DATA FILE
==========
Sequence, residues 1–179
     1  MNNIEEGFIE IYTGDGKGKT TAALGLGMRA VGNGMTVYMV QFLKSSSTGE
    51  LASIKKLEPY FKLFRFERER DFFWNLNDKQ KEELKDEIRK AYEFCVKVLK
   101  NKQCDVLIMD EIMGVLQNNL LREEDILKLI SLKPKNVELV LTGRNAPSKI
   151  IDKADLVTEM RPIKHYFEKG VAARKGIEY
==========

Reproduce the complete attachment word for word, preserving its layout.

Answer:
Sequence, residues 1–179
     1  MNNIEEGFIE IYTGDGKGKT TAALGLGMRA VGNGMTVYMV QFLKSSSTGE
    51  LASIKKLEPY FKLFRFERER DFFWNLNDKQ KEELKDEIRK AYEFCVKVLK
   101  NKQCDVLIMD EIMGVLQNNL LREEDILKLI SLKPKNVELV LTGRNAPSKI
   151  IDKADLVTEM RPIKHYFEKG VAARKGIEY